Not a great combination for the Panthers.
Geoff Schwartz will make his first NFL start on Sunday night.
Schwartz, a seventh-round pick in 2008 who spent his rookie season on the practice squad, said the biggest problem he had adjusting from college to the NFL was learning to line up in a three-point stance. That's largely because Schwartz almost never did that at the University of Oregon, where he operated with his hands on his knees.
"I spent three years in college never getting in a three-point stance," said Schwartz. "I might have taken three to five reps ever in a three-point stance. So I focused on that last year, just getting comfortable in that. And I worked on it in the off-season with Jordan Gross on that. I think that's the biggest thing I've improved on is just playing from a three-point stance."
Although it might seem like an easy change, Schwartz said the concept takes some getting used to.
"You run-block better from a three-point stance and your angles are a little different. I don't know how to explain it but it's just a whole different game. Mainly the run blocking is different when you're in the three, rather than the two," Schwartz said.
Schwartz spent last year on the practice squad and coaches urged him to get stronger.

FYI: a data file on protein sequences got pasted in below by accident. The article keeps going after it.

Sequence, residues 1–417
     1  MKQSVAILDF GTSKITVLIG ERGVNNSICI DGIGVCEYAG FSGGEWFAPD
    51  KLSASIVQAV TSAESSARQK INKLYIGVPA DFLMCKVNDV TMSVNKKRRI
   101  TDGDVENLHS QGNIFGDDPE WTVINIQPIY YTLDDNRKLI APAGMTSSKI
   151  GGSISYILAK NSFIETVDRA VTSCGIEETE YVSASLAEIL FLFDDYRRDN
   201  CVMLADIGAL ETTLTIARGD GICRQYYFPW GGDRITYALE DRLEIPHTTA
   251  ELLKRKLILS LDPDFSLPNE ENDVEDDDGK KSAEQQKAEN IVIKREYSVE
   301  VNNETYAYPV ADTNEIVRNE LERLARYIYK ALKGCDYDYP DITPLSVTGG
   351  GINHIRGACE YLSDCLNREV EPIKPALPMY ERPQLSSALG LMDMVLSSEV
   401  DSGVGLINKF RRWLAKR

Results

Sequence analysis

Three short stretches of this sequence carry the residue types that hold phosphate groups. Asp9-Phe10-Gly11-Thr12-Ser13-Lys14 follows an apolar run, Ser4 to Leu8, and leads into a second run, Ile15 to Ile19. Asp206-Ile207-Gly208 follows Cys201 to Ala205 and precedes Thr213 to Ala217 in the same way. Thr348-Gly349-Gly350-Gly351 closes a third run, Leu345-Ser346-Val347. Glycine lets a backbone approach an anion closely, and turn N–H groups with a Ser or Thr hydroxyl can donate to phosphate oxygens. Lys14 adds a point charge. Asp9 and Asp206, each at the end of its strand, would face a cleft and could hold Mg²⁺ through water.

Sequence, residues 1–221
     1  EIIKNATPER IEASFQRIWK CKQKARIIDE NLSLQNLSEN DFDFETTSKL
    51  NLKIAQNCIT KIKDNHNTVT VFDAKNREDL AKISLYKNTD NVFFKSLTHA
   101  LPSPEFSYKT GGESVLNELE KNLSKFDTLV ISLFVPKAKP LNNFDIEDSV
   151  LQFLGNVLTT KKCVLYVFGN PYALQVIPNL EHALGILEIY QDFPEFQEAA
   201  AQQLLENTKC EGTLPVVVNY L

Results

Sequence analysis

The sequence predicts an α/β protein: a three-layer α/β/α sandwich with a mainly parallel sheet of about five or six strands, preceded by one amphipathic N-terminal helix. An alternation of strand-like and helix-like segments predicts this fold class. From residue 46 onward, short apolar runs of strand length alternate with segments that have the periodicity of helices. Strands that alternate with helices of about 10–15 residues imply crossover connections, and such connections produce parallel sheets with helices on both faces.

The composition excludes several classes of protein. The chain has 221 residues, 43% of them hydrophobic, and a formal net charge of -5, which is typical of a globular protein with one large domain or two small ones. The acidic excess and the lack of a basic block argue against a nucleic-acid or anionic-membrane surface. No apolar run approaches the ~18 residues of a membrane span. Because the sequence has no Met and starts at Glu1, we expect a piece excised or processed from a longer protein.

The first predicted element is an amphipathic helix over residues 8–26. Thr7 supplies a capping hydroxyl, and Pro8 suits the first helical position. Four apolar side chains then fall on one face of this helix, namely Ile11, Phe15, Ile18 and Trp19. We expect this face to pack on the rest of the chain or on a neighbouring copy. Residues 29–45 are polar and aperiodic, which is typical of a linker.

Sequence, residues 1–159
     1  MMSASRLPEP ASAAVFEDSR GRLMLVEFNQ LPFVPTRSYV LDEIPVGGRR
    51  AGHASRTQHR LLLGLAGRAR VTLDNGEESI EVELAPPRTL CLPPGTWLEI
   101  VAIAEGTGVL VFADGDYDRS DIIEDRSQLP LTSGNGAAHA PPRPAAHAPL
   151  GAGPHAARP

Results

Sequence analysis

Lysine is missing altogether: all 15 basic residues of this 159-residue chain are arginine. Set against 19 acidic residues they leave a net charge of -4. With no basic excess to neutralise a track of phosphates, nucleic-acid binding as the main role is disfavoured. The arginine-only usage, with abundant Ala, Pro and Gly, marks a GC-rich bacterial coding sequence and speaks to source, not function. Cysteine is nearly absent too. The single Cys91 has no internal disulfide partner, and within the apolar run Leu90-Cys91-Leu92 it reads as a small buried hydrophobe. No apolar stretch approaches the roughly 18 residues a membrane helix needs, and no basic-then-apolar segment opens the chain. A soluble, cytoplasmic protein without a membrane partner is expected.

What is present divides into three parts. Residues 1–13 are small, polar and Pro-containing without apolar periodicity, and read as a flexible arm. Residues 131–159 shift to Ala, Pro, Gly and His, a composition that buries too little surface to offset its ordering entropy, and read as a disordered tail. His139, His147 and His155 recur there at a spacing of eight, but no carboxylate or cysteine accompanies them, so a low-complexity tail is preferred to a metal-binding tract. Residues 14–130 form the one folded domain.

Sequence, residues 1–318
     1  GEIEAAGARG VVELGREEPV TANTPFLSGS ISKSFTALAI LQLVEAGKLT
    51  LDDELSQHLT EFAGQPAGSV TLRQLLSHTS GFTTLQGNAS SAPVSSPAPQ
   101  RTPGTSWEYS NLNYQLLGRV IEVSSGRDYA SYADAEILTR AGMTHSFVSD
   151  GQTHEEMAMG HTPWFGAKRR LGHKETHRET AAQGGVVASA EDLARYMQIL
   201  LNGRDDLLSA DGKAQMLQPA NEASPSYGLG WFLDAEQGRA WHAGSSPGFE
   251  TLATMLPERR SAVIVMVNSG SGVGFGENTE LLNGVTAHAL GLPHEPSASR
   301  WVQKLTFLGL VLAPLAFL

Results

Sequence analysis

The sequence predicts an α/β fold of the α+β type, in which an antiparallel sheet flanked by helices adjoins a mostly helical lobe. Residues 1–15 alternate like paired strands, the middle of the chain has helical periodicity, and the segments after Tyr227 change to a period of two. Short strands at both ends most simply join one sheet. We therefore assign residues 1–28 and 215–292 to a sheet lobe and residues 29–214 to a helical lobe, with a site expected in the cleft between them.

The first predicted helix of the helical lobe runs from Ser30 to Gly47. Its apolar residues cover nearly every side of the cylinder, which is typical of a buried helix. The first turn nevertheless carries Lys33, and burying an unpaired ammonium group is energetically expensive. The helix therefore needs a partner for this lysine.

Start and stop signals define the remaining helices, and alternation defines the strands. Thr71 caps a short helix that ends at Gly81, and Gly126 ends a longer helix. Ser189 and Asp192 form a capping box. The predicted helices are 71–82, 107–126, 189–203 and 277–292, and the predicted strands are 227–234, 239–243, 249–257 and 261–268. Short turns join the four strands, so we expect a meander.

He thinks he accomplished that goal.
"You want to be on the roster, but then I realized I needed a year to get stronger and to mentally get ready and also physically to lift every day," said the 6-foot-6, 331-pound Schwartz. "I used it as an opportunity to get better. In the end it helped me out a lot."
Running back Jonathan Stewart, who ran behind Schwartz at Oregon, said he's confident his former college teammate can do the job.
"We go way back to the days where he had long hair," said Stewart. "I guess you could say he got me to the NFL (blocking for me). He's got great feet, that's one of the reasons I think they drafted him. Big guy, good feet, I think he's going to do well this week. He did well in college while I was in the backfield with him.
"He's more aggressive now with his hands. I think that's something that Mags (offensive-line coach Dave Magazu) has been trying to get him to do. Just being more aggressive, he's such a big guy, he can do a lot with his size."